1910 National Gallery of Canada Collection moved to east wing of theVictoria Memorial Museum building.
1914 “In her recent book, The Death of Authentic Primitive Art and Other Tales of Progress (1998) anthropologist Shelly Errington traces the rise of the modernist paradigm of Authentic Primitive Art in the United States through a series of temporary exhibits, ranging from the 1914 exhibition at Alfred Stieglitz’s 219 Gallery in New York to the exhibits of African, Oceanic and American Indian Art at the Museum of Modern Art during the 1930s and 1940s to the permanent Museum of Primitive Art established in New York in 1957 (Phillips 2002:46-7).”
1923-42 Frederick Keppel was the president of powerful Carnegie Corporation. At that the Corporation were interested in creating elitist consensus building and in cultural development in places like Australia. The Corporation’s ideals, values, prejudices, interests and assumptions tended to support business-orientated, white, Anglo-Saxon Protestant men (Lagemann 1989:6-8,104). Keppel’s aim was to the transmission of “traditionally elite culture…[through]… enlightening public taste directly”. In regard to the arts it was clear that “the goal was to elevate the “best taste” rather than “improve the average”. Under Keppel, classical styles in the fine arts, great literature and the sensibilities and habits associated with them, were seen as “essential to character and taste especially as culture became more susceptible to commercial standards and interests”. Keppel’s goal was to be achieved, not just through schools, but also via the diverting of popular interest in education to agencies like the library, adult education center and the art museum. E. Root (president of the Carnegie Corporation until 1932) echoed 1920 sentiment, when he directed that Corporation policy would follow the trend “for art education and art appreciation… to unite all of the arts in the common endeavor to educate the publics tastes and to train men and women who may interpret the arts to the body of the people” (Lagemann 1989:95,102,115,117).
1923 Le Corbusier held up an image of a pipe as an image of pure functionalism. See Foucault (OT 1982:60) See Magritte (1926).
1926 Réné Magritte (1898-1967) entitled a painting “Ceci n’est pas une pipe. See Foucault (1973).
1927 Marius Barbeau was an ethnologist who proposed the 1927 exhibition showing native and non-native artists side by side, Emily Carr and totem poles. “The interrelation of totem poles and modern paintings displayed in close proximity made it clear that the inspiration for both kinds of art expression sprang from the same fundamental background. One enhanced the beauty of the other and made it more significant. The Indian craftsmen were great artists in their way, and original; the moderns responded to the same exotic themes, but in terms consonant with their own traditions (Barbeau 1932:337-8 cited in Nemiroff 1992:23).”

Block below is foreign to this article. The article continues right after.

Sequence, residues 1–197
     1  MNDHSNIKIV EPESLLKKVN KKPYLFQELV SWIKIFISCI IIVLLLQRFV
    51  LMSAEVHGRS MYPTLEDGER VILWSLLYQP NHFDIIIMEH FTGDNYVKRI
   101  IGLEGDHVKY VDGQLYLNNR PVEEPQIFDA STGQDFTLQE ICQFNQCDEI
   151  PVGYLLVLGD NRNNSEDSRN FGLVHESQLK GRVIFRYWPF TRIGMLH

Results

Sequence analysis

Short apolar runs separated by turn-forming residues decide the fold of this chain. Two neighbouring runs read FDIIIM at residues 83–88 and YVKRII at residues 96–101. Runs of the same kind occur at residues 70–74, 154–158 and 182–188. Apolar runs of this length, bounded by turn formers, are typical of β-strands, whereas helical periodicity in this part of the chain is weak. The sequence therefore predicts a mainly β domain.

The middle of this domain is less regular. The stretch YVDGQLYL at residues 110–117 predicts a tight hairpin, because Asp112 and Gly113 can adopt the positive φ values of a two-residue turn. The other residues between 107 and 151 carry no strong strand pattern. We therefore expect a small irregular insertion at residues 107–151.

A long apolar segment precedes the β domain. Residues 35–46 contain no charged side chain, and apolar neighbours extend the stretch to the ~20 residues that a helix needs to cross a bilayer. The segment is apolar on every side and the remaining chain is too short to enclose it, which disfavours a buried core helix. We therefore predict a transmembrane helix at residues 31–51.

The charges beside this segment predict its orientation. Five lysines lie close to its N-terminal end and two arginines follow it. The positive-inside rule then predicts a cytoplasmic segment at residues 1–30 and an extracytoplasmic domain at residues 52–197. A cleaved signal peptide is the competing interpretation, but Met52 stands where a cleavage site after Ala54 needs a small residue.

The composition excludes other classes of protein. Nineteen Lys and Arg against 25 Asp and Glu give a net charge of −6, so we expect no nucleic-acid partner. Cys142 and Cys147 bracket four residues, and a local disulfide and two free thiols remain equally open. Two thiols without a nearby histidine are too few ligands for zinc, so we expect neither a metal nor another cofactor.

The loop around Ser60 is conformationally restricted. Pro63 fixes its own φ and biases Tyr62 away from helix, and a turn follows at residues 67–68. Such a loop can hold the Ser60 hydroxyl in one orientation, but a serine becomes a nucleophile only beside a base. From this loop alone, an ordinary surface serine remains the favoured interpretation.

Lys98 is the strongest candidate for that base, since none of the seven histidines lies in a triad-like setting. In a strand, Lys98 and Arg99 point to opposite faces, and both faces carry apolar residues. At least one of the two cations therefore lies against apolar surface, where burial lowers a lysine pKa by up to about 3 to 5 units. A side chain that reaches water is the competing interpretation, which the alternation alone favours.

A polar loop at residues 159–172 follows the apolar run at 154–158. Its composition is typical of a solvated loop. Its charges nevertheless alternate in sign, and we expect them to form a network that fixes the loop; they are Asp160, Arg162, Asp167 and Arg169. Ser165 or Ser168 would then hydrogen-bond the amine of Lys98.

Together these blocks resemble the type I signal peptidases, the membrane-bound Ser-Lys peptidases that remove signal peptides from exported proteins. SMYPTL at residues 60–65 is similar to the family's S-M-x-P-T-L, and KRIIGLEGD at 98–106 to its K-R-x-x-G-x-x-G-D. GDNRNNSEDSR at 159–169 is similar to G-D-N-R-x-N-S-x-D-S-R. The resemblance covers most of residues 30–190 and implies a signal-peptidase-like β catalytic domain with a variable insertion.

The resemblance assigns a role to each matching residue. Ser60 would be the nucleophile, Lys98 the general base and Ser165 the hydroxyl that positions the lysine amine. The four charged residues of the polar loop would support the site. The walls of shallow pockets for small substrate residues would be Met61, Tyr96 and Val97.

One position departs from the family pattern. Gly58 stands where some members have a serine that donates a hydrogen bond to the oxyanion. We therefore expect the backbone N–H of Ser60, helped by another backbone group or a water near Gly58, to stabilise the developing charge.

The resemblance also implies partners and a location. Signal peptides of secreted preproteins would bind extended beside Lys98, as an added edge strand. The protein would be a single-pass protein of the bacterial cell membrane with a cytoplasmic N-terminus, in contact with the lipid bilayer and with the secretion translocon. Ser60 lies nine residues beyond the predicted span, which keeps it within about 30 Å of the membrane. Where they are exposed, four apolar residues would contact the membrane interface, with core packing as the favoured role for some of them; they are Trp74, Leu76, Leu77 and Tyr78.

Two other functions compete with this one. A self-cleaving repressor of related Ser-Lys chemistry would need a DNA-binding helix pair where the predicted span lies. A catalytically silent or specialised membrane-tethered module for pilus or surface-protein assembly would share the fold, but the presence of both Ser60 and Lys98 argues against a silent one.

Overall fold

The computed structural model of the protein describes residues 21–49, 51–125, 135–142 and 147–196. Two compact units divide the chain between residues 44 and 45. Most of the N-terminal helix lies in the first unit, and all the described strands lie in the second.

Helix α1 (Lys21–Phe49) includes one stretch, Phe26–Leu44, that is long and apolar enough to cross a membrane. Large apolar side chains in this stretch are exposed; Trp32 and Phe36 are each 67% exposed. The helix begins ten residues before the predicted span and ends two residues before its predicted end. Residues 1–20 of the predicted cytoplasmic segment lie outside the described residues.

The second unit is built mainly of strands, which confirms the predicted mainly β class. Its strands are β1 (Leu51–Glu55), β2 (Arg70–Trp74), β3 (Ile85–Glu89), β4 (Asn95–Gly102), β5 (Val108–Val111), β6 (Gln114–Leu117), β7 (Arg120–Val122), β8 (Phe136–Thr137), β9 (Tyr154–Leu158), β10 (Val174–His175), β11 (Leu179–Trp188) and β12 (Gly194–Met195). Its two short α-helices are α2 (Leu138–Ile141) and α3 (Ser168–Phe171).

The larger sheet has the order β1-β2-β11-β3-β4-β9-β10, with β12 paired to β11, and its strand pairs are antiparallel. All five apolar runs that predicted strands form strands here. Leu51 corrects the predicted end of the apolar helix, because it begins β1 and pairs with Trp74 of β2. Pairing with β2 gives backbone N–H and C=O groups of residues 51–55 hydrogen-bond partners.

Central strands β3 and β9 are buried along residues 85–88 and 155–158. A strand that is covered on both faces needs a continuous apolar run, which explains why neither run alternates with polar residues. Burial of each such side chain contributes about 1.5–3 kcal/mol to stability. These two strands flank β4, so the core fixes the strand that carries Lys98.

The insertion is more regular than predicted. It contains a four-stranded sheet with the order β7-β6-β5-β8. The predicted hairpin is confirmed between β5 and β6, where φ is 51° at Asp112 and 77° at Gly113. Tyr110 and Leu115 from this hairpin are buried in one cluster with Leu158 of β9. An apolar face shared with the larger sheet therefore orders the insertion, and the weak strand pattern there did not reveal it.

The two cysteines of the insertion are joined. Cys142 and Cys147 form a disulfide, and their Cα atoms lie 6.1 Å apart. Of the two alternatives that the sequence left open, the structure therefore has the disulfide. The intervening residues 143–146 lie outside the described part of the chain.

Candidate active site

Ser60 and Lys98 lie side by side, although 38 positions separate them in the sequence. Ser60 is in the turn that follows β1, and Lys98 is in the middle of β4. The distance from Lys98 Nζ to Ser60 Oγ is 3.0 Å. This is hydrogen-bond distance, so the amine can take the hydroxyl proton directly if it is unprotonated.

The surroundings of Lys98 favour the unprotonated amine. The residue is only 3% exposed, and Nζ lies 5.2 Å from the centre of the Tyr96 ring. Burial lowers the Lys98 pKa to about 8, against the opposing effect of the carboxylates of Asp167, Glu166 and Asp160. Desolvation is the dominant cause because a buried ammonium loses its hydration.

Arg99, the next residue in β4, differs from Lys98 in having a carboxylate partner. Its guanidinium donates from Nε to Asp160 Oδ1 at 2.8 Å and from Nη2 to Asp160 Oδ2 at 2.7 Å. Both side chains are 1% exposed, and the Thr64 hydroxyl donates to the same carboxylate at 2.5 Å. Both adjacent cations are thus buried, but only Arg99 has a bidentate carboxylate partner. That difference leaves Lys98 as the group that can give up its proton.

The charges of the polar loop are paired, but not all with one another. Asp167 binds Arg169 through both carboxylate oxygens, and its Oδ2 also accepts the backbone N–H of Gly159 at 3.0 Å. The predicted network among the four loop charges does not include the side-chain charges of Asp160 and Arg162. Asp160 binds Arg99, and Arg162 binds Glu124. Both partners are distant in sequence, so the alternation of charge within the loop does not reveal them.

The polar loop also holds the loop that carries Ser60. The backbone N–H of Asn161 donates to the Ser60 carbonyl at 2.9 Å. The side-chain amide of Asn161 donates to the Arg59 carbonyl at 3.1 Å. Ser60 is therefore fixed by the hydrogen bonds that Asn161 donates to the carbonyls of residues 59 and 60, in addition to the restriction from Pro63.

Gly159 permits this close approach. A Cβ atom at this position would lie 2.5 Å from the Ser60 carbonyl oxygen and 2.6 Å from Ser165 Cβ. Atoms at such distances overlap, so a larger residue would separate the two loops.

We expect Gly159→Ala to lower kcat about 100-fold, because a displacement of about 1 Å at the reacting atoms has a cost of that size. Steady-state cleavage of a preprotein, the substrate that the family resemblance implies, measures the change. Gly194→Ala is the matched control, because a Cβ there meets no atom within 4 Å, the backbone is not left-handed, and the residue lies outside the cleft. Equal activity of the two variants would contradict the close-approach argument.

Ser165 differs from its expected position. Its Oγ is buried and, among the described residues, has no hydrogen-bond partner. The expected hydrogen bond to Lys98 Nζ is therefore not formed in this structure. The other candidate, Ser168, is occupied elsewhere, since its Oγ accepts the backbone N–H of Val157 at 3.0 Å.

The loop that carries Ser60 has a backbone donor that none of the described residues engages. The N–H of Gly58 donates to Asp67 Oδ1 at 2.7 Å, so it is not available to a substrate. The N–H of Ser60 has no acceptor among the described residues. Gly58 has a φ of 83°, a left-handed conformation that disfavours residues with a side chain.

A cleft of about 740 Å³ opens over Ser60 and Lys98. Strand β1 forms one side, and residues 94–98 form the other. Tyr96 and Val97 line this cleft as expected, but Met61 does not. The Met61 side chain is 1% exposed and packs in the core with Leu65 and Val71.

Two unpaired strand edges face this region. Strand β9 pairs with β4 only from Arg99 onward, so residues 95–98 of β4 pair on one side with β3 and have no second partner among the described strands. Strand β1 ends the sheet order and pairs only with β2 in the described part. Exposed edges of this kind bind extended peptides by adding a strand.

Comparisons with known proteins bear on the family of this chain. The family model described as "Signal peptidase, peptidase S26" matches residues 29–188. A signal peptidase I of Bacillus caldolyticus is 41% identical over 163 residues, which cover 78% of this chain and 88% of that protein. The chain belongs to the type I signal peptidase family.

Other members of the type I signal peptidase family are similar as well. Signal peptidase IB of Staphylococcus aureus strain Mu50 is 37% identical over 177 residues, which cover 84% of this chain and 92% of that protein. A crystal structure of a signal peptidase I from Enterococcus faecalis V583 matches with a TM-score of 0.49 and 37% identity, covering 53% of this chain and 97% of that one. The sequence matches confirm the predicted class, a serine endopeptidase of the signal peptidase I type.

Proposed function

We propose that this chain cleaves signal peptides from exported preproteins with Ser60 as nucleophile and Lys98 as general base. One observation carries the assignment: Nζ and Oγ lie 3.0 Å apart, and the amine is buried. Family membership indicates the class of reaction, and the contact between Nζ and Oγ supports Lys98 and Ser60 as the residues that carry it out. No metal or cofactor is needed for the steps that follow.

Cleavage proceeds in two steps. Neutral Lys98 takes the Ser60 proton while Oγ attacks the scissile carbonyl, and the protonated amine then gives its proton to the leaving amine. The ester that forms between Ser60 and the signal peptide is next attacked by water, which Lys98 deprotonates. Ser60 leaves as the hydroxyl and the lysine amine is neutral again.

1930 Canadian Handicrafts Guild organized an exhibition of Eskimo Arts and Crafts at the McCord Museum in Montreal. The exhibition attracted the attention of the New York Times (Canadian Guild of Crafts Quebec 1980:11).
1936 Walter Benjamin wrote his influential essay “The Work of Art in the Age of Mechanical Reproduction,” (1936) the aura is the source of all value in a deteriorating world. Aura as used by Walter Benjamin refers to “the associations which, at home in the mémoire involuntaire, tend to cluster around the object of a perception”(186). Its place in memory reveals that the aura is what has made the objects of the collector, the translator and the storyteller seem so meaningful “Once you have approached the mountains of cases in order to mine the books from them…what memories crowd in on you!”(66), he writes of his collection. He connects storytelling explicitly to memory. “Memory is the epic faculty par excellence”(97) and even employs the term “aura”The storyteller is the man who could let the wick of his life be consumed completely by the gentle flame of his story. This is the basis of the incomparable aura about the storyteller….The storyteller is the figure in which the righteous man encounters himself (108_9). The aura is elsewhere defined in these telling terms. Experience of the aura thus rests on the transportation of a response common in human relationships to the relationship between the inanimate or natural object and man….To perceive the aura of an object we look at means to invest it with the ability to look at us in return. This experience corresponds to the data of the mémoire involontaire (188). As one can see, before the essay “The Work of Art in the Age of Mechanical Reproduction,” (1936) the aura is the source of all value in a deteriorating world. It grounds the practice of the collector, the storyteller and indirectly the translator for it lends to their activities a purposefulness they would otherwise not have, becoming only allegories of market strategies. It makes sense that he would have to declare war on this concept given the way those activities resemble market strategies even with their aura__ given, in fact, the resemblance of aura to ideology. Experience of the aura thus rests on the transportation of a response common in human relationships to the relationship between the inanimate or natural object and man….To perceive the aura of an object we look at means to invest it with the ability to look at us in return. This experience corresponds to the data of the mémoire involontaire (188). Crimp (OMR 1993:112) argued that art history adopts an approach modeled on kunstwissenschaft wherein art historians attempt to prove or disprove the aura or presence of the authentic, unique original aspects of works of art. Using chemical analysis or connoisseurship art historians can prove or disprove the authenticity of a work of art which assures its place in a museum. Museums reject copies and reproductions. The presence of the artist must be detected through the work of art or the claim of authenticity cannot be made. See Crimp (OMR 1993:112).